There are two radically different versions of the postcommunist narrative. One tells the triumphal tale of the only world region in which the reforms recommended by the “Washington consensus” worked. The other and more realistic account speaks of a historic window of opportunity that lasted for only a quarter-century, during which efforts by the West and patriotic elites of Central and Eastern Europe managed to drag the region into Europe proper, leaving Europe and Russia pitted against each other along the old “civilizational” border between them. This essay argues that while Institutional choices matter in the postcommunist world, geopolitical and civilizational boundaries still set the horizons of political possibility.
While many histories of the Balkans have been published, some very good and others poor, there is as yet no history of institutions in the Balkans. This is what the contributors to Ottomans into European offer the reader: a history of the most salient political institutions of the region: bureaucracies, judiciaries, democratic elections, free media, local and central government – and their frequently strained relations with traditional institutions. They also examine the selection, evolution, and performance of institutions in the post-Ottoman Balkans, and try to account for variations throughout the region. In writing this institutional history of the Balkans the contributors set themselves two key questions: did the post-Ottoman wave of Europeanization and Western-type institution building fail in the Balkans, and does this explain the region’s continuing political fragility? And if this is the case, are there underlying structural determinants explaining that failure which might manifest themselves again in present attempts to re-integrate the region, from Turkey to Albania?
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Reviews for this publication
“In this agreeable little book Andrei Pippidi gives an elegant survey of a field that has been much studied in recent years.”
Times Literary Supplement
“An extremely important contribution to the scholarly literature on the Balkans. … By exploring the original transition in the Balkans – from the Ottoman Empire to ‘Europe’ – it will also be relevant to those working on the current transition in the region from communism to liberal-democracy and the EU.”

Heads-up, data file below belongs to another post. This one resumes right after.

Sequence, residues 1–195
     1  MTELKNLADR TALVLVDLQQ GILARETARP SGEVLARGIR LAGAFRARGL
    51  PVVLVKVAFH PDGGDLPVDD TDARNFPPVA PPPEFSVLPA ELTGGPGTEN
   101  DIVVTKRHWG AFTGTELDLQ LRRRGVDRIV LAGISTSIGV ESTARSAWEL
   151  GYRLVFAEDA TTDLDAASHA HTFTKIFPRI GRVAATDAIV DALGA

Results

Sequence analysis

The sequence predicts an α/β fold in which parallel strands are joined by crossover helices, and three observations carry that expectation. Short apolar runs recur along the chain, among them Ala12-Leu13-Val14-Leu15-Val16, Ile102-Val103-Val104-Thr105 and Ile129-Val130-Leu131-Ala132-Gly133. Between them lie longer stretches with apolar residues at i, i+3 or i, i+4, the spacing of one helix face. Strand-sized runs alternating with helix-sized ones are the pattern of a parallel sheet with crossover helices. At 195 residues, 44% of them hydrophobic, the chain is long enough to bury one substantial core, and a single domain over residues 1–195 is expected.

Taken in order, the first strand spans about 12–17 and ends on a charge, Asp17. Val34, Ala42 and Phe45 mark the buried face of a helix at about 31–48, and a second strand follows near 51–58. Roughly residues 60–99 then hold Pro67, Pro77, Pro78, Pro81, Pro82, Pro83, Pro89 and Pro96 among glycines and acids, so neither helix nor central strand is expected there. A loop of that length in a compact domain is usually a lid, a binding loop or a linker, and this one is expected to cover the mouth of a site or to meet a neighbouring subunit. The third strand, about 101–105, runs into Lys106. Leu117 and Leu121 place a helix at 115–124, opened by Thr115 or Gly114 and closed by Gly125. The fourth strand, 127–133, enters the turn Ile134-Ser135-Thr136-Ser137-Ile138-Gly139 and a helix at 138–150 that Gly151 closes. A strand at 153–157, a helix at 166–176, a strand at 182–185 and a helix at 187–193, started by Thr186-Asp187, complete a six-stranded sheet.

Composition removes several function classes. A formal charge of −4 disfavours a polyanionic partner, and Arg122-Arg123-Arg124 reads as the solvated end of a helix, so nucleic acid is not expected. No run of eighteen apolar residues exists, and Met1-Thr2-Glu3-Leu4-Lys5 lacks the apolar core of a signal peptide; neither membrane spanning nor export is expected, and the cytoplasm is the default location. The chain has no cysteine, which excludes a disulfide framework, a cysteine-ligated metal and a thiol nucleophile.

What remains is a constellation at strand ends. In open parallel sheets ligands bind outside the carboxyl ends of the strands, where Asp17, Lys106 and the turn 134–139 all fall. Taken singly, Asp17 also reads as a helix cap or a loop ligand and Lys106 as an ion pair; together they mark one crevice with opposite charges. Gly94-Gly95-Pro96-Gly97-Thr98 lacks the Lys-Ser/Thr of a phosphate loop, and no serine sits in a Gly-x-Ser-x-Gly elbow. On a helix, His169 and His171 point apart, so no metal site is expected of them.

Dr Dejan Djokic, University of London
“Ottomans into Europeans examines an earlier ‘transition’ of the Balkans. The volume is a trans-national approach to the problems faced by the states and societies of the south-eastern peninsula of Europe as they emerged from dynastic empires. They aspired, however clumsily, to become again fully part of Europe with the belief that western political institutions were a source of stability and prosperity. That was before the clash between Nazi-fascism and communism brought that first transition to an end. Scholars, students and other readers interested in the current transition of the region – which could be called ‘communists to Europeans’ – will learn from this study of models, choices and change in an earlier phase of post-imperial state-building.” Professor Stevan Pavlowitch, author, Hitler’s New Disorder: The Second World War in Yugoslavia
“For anyone interested in the Balkans this is the right book at the right time. Just as the Balkans return to Europe and Greece, given its current difficulties, returns to the Balkans, this book is a timely examination of key historical issues essential for an understanding of state and society today, especially in the light of the great project of the age, European integration.”
Tim Judah, Balkans Correspondent, The Economist